I like very much the topic of breathing as this is my big limiter and I wanted to read more about this topic… when coach Chad spoke about those books about, he clearly didn’t want to directly critisise, but could we get here more insight please? Which technique is pointed towards CO2 tolerance (and hence to be avoided) and which book is poor from science point of view?
Would greatly appreciate @Jonathan

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Just listened to the podcast and the diaphragmatic breathing portion struck a chord. I find myself accelerating upper chest breathing during VO2max workouts which tends to carry me through but feels laborsome to maintain. I have Spencer +2 coming as first workout next week and I have never attempted it at my current FTP but I have successfully done the workout 3 times before at lower FTP. In all honesty, my brain is telling me I cannot hold 120% for 3 minutes 6 times and I am walking into this with some anxiety. I am hoping to introduce the new breathing element not only as way of improving performance directly but also as a psychological factor telling my brain that there is a new variable involved so expectation of failure is illogical.

So I have 2 days to learn this type of breathing. Does anyone have any guidance on how to do this? Of all Chad’s descriptions of how this is done, I’m not sure I am doing it right. I imagine trying to make myself have a fat belly in spandex but I suspect my diaphragm muscles need to develop some “muscle memory” before I feel I am doing this right. Would appreciate any suggestions or hints. Thanks in advance.

Curious which book cited in the podcast about breathing has been de-bunked. Chad threw some serious shade but wouldn’t name it. I am curious if it the Breath book by James Nestor. I am about a quarter of the way through it and my spider senses have been tingling. My sense is that there is some benefit here, but (as is often the case) the claims are wildy overstated.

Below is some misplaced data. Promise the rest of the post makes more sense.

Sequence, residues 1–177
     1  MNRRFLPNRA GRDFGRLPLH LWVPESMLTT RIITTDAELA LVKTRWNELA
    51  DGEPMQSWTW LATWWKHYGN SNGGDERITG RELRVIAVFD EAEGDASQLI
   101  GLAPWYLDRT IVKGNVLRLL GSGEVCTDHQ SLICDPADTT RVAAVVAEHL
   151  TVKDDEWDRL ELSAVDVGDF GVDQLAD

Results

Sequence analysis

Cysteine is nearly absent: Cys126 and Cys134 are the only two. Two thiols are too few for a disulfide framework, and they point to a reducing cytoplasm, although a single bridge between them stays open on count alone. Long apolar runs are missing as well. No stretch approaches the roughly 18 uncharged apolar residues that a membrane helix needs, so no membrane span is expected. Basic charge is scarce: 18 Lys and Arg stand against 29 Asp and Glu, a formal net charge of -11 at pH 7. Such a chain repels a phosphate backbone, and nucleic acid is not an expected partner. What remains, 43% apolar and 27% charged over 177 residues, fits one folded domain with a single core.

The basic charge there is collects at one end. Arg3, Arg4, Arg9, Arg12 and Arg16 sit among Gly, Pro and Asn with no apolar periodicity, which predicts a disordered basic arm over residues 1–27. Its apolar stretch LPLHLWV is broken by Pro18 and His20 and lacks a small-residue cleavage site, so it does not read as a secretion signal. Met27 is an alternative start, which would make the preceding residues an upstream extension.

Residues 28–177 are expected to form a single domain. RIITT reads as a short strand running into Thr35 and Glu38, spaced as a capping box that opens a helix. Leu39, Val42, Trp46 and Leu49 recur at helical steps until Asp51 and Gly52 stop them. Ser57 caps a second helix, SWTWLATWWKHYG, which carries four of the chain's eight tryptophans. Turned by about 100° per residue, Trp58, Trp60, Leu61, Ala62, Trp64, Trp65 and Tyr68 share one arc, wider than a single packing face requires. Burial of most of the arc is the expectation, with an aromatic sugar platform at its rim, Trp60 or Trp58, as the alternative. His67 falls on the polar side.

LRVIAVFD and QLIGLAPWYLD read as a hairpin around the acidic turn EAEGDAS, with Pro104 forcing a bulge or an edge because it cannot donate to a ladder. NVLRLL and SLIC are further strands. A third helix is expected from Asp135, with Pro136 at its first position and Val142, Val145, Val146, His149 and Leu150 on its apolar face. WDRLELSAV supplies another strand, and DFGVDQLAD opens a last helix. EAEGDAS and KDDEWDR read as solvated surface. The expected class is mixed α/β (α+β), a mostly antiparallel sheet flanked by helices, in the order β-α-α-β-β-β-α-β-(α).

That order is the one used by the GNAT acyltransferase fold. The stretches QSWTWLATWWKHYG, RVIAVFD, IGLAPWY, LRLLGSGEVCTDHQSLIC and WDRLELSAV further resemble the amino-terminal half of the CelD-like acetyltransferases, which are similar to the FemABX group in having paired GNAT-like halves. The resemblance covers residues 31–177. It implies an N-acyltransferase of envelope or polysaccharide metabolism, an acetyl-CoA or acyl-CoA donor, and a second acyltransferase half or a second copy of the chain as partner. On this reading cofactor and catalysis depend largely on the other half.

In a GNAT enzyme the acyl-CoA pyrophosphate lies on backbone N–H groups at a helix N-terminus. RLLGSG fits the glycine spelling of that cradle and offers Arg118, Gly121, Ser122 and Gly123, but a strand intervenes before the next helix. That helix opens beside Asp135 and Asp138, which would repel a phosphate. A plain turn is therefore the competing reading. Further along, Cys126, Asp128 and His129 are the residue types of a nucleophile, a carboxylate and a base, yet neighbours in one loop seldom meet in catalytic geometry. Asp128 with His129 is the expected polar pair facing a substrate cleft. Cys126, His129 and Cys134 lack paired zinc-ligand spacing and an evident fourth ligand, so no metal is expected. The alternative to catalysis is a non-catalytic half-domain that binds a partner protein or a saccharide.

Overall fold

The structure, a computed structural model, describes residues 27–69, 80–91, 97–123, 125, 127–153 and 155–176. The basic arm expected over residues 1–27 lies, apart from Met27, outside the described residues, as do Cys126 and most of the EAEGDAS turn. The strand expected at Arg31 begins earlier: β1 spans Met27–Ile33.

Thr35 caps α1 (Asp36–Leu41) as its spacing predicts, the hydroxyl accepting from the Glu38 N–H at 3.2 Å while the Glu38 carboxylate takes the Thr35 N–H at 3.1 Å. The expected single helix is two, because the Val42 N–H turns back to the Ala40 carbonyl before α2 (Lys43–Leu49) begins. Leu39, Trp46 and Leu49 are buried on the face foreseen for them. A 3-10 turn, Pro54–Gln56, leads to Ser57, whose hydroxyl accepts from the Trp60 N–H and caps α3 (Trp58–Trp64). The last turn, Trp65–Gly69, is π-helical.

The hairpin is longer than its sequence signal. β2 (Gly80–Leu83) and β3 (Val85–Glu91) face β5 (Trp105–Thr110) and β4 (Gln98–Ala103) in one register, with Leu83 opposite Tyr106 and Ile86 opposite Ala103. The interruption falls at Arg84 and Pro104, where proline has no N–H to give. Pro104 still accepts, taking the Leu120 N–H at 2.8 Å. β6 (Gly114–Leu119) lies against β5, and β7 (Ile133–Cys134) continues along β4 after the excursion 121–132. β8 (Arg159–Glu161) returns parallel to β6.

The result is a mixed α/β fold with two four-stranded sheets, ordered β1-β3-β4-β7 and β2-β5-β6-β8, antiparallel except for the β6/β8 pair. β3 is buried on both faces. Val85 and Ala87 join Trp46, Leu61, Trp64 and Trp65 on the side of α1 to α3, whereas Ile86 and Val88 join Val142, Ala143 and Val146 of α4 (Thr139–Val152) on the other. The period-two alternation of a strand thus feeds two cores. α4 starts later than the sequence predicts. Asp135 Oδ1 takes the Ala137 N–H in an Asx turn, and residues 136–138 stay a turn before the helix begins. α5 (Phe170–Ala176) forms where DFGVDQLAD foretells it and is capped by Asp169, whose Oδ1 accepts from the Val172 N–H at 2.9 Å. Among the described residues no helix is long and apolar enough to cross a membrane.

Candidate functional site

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I use started this book. I will finish by next week!

I would also be interested in knowing which book(s) Chad wasn’t impressed with. It’s a topic I’m interested in, and have just bought the James Nestor book, however, if it’s mumbo jumbo I won’t even bother reading it. :+1:


I totally understand Chad being hesitant to slag off a book…but I’m far MORE interested in which book he would recommend the most?

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Yes, which book does Chad recommend as the “best” to learn effective breathing technique.

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Regarding breathing, I want to throw my two cents in as I have some familiarity with each of the sources mentioned by Chad:
Breath: The New Science of a Lost Art a book by James Nestor, The Oxygen Advantage book and program by Patrick McKeown, and the Wim Hof method.

A cautionary note; I’m not a doctor, respiratory therapist, athletic coach, or even a competitive cyclist (just an old guy that enjoys riding and is trying to stay in shape), your experiences and opinions may be quite different than mine.